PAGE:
Injections for chemical radiculitis may be able to rinse away irritating proteins from sensitive neurological tissues, relieving pain. Some care providers claim that ending chronic radicular pain may be as simple as a series of epidural injections, which seems like a preferred treatment path compared to invasive surgery. However, do flushing injections actually work and what are the risks that patients will face from these treatments?
Chemical radiculitis remains one of the most debated of all back pain diagnoses. Some care providers do not even believe that the diagnosis is real or valid in any way. Other care providers have made their entire careers diagnosing and treating the condition. Meanwhile most healthcare providers believe the truth of the condition remains unclear and therefore offer little opinion on its treatment.
This focused dialog provides our thoughts on using injections for chemical radiculitis treatment. We will detail the pros and cons of these injections, as well as providing our clinical experience on the subject.
What are Injections for Chemical Radiculitis?
Let’s start by defining chemical radiculitis as a condition wherein the spinal nerve roots are irritated by proteins that leak out of a compromised intervertebral disc. The disc might have developed an annular tear, but remains largely intact or may have ruptured or even fragmented.
There is a substance in the interior nucleus of the disc called tumor necrosis factor alpha that is documented to cause irritation to certain types of nerve tissues. When a spinal disc is compromised and this protein exits the disc, it might make contact with the surrounding spinal nerve roots, causing chronic irritation.
The controversy of the diagnosis comes from the fact that not everyone seems susceptible to irritation from this protein. Many patients have ruptured discs, but experience no pain at all, despite the nerve roots being surrounding by escaped disc proteins. To further the controversy, logic dictates that the body would neutralize and absorb these proteins over time or they would ossify, either way resolving symptoms. However, some patients tend to have long lasting symptoms that exceed the clinical expectations even of care providers who do embrace the diagnosis as valid…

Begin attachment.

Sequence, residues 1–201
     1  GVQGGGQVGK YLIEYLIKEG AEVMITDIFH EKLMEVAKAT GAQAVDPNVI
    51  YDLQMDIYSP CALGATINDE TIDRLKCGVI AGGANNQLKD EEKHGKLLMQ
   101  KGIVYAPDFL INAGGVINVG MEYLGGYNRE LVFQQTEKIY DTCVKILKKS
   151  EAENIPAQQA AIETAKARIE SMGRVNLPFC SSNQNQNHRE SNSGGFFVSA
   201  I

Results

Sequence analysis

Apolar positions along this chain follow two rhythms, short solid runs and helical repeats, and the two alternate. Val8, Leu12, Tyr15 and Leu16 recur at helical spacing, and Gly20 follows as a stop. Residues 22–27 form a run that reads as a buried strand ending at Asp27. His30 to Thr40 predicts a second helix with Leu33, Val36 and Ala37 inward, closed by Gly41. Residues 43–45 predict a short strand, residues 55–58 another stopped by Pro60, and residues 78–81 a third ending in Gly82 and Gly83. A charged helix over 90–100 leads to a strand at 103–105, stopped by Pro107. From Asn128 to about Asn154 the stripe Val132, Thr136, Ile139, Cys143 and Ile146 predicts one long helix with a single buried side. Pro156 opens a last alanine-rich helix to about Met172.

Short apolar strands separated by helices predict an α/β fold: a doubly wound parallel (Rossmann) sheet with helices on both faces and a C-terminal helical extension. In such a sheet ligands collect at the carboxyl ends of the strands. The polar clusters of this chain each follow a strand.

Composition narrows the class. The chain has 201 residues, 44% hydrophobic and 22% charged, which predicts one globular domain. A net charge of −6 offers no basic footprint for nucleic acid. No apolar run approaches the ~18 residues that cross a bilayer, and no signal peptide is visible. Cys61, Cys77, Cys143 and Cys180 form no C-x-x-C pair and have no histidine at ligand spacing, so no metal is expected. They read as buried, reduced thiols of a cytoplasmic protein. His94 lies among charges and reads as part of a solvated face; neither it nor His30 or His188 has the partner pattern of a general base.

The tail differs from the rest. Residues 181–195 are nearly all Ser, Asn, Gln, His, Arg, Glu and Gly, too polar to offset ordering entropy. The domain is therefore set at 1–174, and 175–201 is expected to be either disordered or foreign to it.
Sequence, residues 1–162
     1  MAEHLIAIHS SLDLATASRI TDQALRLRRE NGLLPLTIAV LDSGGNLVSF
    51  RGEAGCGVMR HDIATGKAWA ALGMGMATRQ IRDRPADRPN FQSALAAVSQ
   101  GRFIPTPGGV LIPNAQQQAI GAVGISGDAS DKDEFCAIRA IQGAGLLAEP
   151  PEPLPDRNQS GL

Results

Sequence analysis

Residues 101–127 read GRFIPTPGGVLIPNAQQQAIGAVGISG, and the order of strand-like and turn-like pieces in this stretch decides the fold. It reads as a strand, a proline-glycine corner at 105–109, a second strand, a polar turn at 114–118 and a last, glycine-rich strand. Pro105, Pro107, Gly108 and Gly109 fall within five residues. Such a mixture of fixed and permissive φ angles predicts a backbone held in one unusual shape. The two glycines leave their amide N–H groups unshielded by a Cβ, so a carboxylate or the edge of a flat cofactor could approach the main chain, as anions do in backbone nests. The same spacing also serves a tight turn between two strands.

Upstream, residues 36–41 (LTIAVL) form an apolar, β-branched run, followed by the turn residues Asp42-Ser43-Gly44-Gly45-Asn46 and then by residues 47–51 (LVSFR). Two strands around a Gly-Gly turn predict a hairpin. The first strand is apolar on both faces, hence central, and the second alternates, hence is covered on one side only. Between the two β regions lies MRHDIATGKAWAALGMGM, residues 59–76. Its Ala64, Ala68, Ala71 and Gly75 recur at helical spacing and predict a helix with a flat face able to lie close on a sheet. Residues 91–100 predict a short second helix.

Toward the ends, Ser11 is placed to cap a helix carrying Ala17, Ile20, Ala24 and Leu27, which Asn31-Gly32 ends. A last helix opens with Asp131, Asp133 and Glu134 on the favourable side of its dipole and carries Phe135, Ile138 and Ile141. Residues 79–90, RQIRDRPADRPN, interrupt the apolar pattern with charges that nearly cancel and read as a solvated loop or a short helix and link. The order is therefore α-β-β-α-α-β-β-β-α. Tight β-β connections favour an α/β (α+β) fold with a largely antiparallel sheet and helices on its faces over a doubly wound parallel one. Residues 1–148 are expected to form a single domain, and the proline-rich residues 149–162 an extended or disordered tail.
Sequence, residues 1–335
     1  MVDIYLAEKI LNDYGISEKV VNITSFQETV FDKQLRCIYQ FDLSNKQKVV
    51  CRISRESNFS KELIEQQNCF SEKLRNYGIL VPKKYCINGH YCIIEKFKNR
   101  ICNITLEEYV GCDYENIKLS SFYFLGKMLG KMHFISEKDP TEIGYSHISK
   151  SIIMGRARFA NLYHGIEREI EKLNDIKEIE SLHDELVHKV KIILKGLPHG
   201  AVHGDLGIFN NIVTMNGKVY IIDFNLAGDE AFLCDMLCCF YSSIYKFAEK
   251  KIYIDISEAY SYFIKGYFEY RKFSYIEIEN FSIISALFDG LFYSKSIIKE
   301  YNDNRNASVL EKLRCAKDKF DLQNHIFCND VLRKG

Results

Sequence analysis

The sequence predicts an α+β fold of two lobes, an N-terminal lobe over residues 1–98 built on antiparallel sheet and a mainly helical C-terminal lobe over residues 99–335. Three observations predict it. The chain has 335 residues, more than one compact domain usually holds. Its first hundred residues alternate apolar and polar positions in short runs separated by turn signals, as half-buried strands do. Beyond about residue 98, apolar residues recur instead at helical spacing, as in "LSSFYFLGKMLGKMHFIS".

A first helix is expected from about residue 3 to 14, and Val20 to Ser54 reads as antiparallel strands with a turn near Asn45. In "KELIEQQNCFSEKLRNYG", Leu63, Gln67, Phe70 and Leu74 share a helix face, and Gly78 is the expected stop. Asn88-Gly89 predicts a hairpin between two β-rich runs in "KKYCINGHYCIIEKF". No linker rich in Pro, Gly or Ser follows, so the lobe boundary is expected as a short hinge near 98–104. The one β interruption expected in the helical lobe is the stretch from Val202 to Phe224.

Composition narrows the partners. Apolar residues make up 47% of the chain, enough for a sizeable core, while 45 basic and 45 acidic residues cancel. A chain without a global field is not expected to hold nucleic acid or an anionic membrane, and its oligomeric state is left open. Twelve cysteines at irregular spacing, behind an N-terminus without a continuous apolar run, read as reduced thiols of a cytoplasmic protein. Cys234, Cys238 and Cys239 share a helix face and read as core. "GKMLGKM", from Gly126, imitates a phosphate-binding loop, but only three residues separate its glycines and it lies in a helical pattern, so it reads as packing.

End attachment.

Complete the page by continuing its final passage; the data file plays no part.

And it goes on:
Injections for Chemical Radiculitis Benefits
If chemical radiculitis is the true culprit for pain, then it seems true that flushing or rinsing injections of sterile saline and a variety of substances such as anesthetics and anti-inflammatory agents, might be capable of ending the pain. Let’s look at some potential benefits of epidural rinsing injections:
Injections might be effective at ending symptoms temporarily or even permanently without surgery. This is a very important benefit to consider given the torture and ineffectiveness of most disc-targeting operations.
Injections might be able to reduce or end the reliance on pharmaceutical pain management treatment that are currently being used. Drug therapies are incredibly dangerous and toxic to the body. The longer they are used, the worse their cumulative effects will be.
Injections can be performed under live x-ray, increasing their accuracy.
Injections can be repeated as needed if the patient enjoys relief, but suffers a recurrence of pain later on.
Injections for Chemical Radiculitis Limitations and Risks
Epidural injections are dangerous. There is no doubt about that fact. The complications common to epidural therapy include lingering pain, spinal fluid leak and infection. Less common complications might include nerve damage or even death. Let’s better explore some downsides of utilizing flushing injections for chemical radiculitis treatment:
Some patients would be better served with minimally invasive surgery. These techniques can actually visualize the disc condition and provide treatment as needed with less guess work.
Injections might simply act as symptomatic care that requires repetitive sessions time and time again, especially if the benefits are being derived from anesthetics, instead of flushing agent application.
If the disc still contains nucleus material it is likely to continue leaking more irritating proteins after the injection, making symptoms reappear over and over. Rinsing injections have a better chance of working if the disc can be sealed with a procedure like IDET first or if the nucleus material is organically exhausted.